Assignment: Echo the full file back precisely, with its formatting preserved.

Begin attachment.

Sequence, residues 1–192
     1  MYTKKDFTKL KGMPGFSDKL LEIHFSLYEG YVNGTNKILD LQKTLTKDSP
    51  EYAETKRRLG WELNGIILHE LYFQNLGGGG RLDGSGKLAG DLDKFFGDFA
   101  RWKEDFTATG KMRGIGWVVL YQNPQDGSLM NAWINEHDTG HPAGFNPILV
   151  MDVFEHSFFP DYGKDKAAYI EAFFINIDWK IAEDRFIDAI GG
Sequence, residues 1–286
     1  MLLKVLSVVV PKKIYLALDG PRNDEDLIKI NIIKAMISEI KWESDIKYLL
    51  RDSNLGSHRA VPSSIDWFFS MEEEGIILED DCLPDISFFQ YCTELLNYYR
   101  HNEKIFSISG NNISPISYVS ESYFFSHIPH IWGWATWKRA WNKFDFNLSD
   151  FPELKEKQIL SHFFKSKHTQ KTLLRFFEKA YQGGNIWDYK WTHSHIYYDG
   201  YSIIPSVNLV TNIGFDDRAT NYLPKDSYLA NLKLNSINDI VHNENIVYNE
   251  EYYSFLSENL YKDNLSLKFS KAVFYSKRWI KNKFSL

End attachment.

Sequence, residues 1–192
     1  MYTKKDFTKL KGMPGFSDKL LEIHFSLYEG YVNGTNKILD LQKTLTKDSP
    51  EYAETKRRLG WELNGIILHE LYFQNLGGGG RLDGSGKLAG DLDKFFGDFA
   101  RWKEDFTATG KMRGIGWVVL YQNPQDGSLM NAWINEHDTG HPAGFNPILV
   151  MDVFEHSFFP DYGKDKAAYI EAFFINIDWK IAEDRFIDAI GG
Sequence, residues 1–286
     1  MLLKVLSVVV PKKIYLALDG PRNDEDLIKI NIIKAMISEI KWESDIKYLL
    51  RDSNLGSHRA VPSSIDWFFS MEEEGIILED DCLPDISFFQ YCTELLNYYR
   101  HNEKIFSISG NNISPISYVS ESYFFSHIPH IWGWATWKRA WNKFDFNLSD
   151  FPELKEKQIL SHFFKSKHTQ KTLLRFFEKA YQGGNIWDYK WTHSHIYYDG
   201  YSIIPSVNLV TNIGFDDRAT NYLPKDSYLA NLKLNSINDI VHNENIVYNE
   251  EYYSFLSENL YKDNLSLKFS KAVFYSKRWI KNKFSL